Docker has made it easier for setting up a local developing environment. Developers longer have to install different database platforms, web servers, or caching servers manually anymore. In this blog post, you will learn how to install PostgreSQL using Docker Compose.
To use Docker and Docker-Compose you most have them installed if you already have them installed you can skip this selection. First, you need to install Docker you can find instructors on how to install Docker on your platform here. Second, you need to install Docker-Compose you can find instructors on how to install Docker-Compose on your platform here.
Inside the root folder of your project, create a file named docker-compose.yml and add this example to it:
# Create a service named db.
# Use the Docker Image postgres. This will pull the newest release.
# Give the container the name my_postgres. You can changes to something else.
# Setup the username, password, and database name. You can changes these values.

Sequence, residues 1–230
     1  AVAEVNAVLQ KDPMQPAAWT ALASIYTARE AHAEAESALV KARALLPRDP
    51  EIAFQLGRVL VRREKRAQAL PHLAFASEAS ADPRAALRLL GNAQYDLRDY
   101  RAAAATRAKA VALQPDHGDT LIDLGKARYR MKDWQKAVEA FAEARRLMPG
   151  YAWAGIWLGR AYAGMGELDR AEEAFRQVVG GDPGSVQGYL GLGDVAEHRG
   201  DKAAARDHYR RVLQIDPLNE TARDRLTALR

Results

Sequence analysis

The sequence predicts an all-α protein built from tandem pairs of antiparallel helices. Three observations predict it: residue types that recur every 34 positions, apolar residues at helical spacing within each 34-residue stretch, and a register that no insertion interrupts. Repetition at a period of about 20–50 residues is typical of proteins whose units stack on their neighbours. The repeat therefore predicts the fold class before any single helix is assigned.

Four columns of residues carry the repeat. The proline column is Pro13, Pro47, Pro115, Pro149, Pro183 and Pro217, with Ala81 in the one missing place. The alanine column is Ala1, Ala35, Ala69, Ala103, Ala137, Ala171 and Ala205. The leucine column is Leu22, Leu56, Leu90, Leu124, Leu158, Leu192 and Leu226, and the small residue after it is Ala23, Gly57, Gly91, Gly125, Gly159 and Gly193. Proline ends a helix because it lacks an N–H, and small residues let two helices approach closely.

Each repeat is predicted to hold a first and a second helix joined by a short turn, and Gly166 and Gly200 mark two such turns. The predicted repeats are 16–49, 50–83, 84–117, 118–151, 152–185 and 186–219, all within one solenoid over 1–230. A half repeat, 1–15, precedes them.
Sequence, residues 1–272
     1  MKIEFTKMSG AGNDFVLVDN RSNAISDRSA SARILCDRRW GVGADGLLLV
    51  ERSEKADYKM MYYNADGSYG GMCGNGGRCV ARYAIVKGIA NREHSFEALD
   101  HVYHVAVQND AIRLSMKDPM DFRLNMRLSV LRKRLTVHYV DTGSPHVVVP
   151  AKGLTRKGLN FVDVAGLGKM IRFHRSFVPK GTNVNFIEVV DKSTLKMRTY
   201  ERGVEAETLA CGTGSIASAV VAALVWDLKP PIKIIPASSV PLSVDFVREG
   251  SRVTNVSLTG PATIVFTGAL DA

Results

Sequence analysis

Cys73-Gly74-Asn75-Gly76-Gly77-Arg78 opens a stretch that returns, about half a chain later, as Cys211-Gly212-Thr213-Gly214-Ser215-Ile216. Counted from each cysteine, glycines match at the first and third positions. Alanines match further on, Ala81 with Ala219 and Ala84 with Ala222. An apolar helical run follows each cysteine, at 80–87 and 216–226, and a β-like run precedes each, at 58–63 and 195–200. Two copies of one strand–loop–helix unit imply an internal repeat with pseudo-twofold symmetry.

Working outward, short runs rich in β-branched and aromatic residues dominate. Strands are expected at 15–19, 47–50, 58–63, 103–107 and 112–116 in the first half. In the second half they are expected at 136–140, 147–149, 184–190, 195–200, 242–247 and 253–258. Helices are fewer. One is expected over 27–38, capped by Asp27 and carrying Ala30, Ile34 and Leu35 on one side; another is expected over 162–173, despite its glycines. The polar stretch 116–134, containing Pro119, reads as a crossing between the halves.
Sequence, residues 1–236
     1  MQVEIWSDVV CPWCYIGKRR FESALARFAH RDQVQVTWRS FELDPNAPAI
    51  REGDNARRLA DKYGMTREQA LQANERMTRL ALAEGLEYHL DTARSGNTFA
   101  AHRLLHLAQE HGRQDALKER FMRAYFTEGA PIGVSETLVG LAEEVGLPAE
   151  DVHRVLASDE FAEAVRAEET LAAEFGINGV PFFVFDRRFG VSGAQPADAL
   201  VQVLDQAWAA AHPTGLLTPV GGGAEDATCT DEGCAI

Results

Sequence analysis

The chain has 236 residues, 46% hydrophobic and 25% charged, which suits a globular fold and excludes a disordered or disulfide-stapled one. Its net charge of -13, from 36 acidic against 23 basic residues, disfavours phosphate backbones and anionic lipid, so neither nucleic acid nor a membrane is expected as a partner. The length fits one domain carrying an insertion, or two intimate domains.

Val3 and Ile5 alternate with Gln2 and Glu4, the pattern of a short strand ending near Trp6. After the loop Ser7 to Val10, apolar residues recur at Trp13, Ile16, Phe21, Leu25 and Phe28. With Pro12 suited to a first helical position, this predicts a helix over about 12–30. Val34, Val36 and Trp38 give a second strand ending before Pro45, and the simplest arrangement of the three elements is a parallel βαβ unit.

# Maps port 54320 (localhost) to port 5432 on the container. You can change the ports to fix your needs.
# Set a volume some that database is not lost after shutting down the container.
# I used the name postgres-data but you can changed it to something else.
To start the container, you only need to run one command. Make sure that you are inside of your projects root folder and run this command:
docker-compose up -d
This command reads the docker-compose.yml file, download the docker images that are needed, and set up your container based on the values in the file.
To connect to the PostgreSQL database run the following command:
psql -h localhost -p 54320 -U john -d mydb
After you run this command, you will be asked to enter a password.
To stop the container, you only need to run one command. Make sure that you are inside of your projects root folder and run this command:
This command will shutdown the PostgreSQL container.
In this blog, post you learned how to install PostgreSQL using Docker. You also learned how to start and stop the PostgreSQL container. You can find other blogs on Docker here.
Harrison Brock is a software engineer that focuses on Full Stack web development